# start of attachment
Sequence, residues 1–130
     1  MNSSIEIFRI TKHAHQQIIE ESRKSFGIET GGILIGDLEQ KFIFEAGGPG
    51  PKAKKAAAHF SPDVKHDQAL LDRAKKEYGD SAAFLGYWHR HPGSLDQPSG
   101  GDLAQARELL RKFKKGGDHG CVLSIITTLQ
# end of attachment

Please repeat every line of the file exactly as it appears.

Sequence, residues 1–130
     1  MNSSIEIFRI TKHAHQQIIE ESRKSFGIET GGILIGDLEQ KFIFEAGGPG
    51  PKAKKAAAHF SPDVKHDQAL LDRAKKEYGD SAAFLGYWHR HPGSLDQPSG
   101  GDLAQARELL RKFKKGGDHG CVLSIITTLQ